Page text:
The first GSLV Mark 3 rocket sits on a pad at the Satish Dhawan Space Centre prior to launch.
The first GSLV Mark 3 rocket sits on a pad at the Satish Dhawan Space Centre prior to launch. Credit: ISRO

HELSINKI — India has revised target dates for launches of its human spaceflight missions and the Chandrayaan-3 lunar landing following COVID-19-related delays.

The Indian Space Research Organisation (ISRO) was targeting August 2022 for the launch to mark the 75th anniversary of Indian independence. However the first human spaceflight demonstration will now follow after a second uncrewed test flight now planned for 2022-23, chairman K Sivan has said.

ISRO is targeting a first uncrewed test flight in December this year. The mission will involve human-rated Geosynchronous Satellite Launch Vehicle Mark III rocket with a modified upper stage compatible with a crew module and crew escape system, according to Times of India.

The first uncrewed mission was initially planned to launch in December 2020, following the formal announcement of the Gaganyaan project in August 2018. India had late last year stated that the Gaganyaan project will be “slightly delayed” due to COVID-19. 

The first crewed mission will carry three astronauts with one backup. Four pilots selected for the program are participating in astronaut training in Russia.

India is aiming to join Russia, the United States and China as the only countries to have achieved independent human spaceflight capabilities. The country is also at this early stage looking beyond low Earth orbit.

India’s Department of Space recently released the draft “Humans in Space Policy” into the public domain for comments and suggestions ahead of potential cabinet approval.

The document states that the Humans in Space Policy “aims for sustained human presence in space as an instrument for development, innovation and foster collaborations in alignment with national interests.”

In pursuing the draft the Department of space would be expected to “define [a] long-term road map for sustained human presence in low earth orbit and undertaking exploration missions beyond low earth orbit.”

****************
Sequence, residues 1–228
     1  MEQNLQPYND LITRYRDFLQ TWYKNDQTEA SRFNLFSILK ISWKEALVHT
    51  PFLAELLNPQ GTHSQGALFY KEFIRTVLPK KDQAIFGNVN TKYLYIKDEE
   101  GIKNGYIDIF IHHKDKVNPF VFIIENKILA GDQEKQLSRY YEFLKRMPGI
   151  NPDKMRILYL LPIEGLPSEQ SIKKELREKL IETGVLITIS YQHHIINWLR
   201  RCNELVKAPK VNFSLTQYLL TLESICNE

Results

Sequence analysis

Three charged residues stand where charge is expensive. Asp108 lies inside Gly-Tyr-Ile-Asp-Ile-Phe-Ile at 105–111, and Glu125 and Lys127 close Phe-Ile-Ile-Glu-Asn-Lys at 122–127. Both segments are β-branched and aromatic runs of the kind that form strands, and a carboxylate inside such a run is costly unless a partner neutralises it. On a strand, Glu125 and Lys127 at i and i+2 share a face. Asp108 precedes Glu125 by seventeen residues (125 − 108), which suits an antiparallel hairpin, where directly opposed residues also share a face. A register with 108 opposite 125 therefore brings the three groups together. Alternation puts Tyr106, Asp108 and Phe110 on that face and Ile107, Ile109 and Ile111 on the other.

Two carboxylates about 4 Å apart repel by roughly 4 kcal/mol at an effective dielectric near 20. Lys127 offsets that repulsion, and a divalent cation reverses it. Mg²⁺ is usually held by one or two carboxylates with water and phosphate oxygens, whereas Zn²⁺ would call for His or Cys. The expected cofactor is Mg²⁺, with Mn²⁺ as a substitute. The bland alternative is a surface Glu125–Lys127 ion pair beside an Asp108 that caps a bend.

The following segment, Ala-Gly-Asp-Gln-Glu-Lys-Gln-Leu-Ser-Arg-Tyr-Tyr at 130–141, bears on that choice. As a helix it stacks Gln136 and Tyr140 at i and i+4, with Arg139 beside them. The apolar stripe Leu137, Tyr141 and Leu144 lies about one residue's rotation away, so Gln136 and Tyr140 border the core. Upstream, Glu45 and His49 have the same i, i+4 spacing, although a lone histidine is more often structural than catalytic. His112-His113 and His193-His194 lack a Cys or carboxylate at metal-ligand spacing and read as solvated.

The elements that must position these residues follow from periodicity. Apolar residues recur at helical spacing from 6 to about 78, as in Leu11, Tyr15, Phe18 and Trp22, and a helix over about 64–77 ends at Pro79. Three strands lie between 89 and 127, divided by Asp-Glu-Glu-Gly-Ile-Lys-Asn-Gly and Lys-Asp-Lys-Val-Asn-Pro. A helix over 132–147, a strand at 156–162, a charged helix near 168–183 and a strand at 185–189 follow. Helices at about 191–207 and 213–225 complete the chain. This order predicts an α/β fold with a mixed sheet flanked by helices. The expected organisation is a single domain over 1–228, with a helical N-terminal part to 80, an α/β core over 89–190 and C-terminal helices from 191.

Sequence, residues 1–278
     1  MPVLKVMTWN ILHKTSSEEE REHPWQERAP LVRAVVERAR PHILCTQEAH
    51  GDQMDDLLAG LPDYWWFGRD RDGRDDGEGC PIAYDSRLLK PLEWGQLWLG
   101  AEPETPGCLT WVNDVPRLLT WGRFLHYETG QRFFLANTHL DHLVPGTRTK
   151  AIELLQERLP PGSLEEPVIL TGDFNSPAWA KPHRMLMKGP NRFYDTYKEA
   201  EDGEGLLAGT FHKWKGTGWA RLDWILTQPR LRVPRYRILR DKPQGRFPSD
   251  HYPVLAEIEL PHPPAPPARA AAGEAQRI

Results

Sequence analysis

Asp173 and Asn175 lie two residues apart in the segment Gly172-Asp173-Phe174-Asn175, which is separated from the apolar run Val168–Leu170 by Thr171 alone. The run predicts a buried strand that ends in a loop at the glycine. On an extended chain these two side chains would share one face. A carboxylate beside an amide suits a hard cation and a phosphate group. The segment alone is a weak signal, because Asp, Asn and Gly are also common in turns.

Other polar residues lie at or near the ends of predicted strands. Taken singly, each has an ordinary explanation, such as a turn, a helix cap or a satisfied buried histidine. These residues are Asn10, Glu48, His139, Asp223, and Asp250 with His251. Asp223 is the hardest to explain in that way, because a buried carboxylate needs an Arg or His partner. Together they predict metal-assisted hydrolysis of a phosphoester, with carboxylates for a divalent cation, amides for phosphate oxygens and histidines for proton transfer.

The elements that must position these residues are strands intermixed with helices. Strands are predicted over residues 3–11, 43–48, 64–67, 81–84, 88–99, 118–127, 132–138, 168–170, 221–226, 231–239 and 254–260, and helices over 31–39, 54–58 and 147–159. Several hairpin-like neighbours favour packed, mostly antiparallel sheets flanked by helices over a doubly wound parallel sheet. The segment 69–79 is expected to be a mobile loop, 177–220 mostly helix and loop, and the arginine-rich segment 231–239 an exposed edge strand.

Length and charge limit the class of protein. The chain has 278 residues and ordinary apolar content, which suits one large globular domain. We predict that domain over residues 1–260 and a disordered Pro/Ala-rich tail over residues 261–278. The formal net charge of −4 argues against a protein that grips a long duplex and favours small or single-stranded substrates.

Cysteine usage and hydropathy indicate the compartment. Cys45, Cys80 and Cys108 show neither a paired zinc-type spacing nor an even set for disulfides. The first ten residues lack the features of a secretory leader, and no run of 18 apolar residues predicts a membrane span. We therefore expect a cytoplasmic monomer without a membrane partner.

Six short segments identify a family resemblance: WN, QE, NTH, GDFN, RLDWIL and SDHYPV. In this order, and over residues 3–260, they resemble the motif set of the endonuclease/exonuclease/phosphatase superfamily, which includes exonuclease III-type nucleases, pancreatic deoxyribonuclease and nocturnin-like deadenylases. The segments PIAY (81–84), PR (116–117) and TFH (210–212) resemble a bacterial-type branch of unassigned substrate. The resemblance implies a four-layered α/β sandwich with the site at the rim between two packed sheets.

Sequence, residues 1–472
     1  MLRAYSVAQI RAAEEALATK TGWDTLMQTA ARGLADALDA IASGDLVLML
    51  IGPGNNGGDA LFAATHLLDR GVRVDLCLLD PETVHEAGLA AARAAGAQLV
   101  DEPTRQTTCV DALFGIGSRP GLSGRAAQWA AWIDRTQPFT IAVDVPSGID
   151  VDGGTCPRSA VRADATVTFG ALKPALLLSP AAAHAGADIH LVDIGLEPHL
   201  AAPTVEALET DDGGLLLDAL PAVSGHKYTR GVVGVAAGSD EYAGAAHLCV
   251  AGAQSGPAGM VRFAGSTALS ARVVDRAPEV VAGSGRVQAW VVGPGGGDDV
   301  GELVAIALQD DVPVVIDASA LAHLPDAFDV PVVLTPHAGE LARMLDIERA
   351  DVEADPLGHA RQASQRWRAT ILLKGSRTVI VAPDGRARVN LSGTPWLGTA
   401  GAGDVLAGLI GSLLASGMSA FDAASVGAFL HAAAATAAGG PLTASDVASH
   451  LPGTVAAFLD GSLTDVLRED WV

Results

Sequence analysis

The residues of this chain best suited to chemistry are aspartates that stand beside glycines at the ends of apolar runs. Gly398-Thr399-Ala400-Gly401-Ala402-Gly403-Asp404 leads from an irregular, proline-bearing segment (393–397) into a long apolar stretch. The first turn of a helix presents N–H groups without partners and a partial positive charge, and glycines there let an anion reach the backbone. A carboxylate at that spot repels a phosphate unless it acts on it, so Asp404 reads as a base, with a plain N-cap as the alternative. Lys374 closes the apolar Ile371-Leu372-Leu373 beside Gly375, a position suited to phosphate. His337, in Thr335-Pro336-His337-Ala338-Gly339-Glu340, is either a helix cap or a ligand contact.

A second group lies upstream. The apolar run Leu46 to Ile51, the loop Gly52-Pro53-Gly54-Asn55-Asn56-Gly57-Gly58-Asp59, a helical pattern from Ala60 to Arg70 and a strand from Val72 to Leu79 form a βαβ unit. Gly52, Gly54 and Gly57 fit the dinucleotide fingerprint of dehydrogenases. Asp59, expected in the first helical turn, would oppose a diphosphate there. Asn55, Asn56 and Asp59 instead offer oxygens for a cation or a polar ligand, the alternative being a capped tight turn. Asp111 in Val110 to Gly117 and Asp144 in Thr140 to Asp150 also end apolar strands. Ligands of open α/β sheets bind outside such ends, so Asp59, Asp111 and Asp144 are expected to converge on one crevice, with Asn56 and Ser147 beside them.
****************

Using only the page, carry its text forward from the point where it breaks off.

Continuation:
Necessary technologies for enabling sustained human presence in LEO and beyond as stated to include regenerative life support systems, rendezvous and docking systems, inflatable habitats and extravehicular activity suits. 

Utilizing international cooperation, developing ecosystems, encouraging entrepreneurship and enhancing public involvement are also noted as key tasks.

Second lunar landing attempt delayed

Chandrayaan-3, India’s third mission to the moon, is likely to slip to 2022, ISRO chairman K Sivan told Press Trust of India news agency.

The mission will involve a lander and a small rover similar to Chandrayaan-2, but no orbiter. 

The 2019 Chandrayaan-2 mission successfully put an orbiter around the moon but the landing attempt ended in loss of communications despite a nominal descent down to an altitude of around two kilometers. 

Chandrayaan-3 is expected to target the same landing site, around 70.9 degrees south of the lunar equator. The Chandrayaan-2 orbiter will operate as a communications relay for the Chandrayaan-3 lander.

If successful Chandrayaan-3 could make India the fourth country to successfully soft-land on the moon. 

K Sivan told press that the mission and its planned success will form the basis of ISRO interplanetary missions. India is also planning a Venus orbiter for launch in 2024.

India is meanwhile preparing for the launch of the PSLV-C51 (the 53rd Polar Satellite Launch Vehicle mission) from Satish Dhawan Space Center, Sriharikota, at 11:53 p.m. Eastern, Feb. 27.

The Amazonia-1 optical earth observation satellite of National Institute for Space Research (INPE) of Brazil is the primary payload. It will be joined by 18 smaller passenger satellites.

The mission will be India’s first launch of 2021, following a COVID-19-hit 2020.

Andrew Jones covers China's space industry for SpaceNews. Andrew has previously lived in China and reported from major space conferences there. Based in Helsinki, Finland, he has written for National Geographic, New Scientist, Smithsonian Magazine, Sky...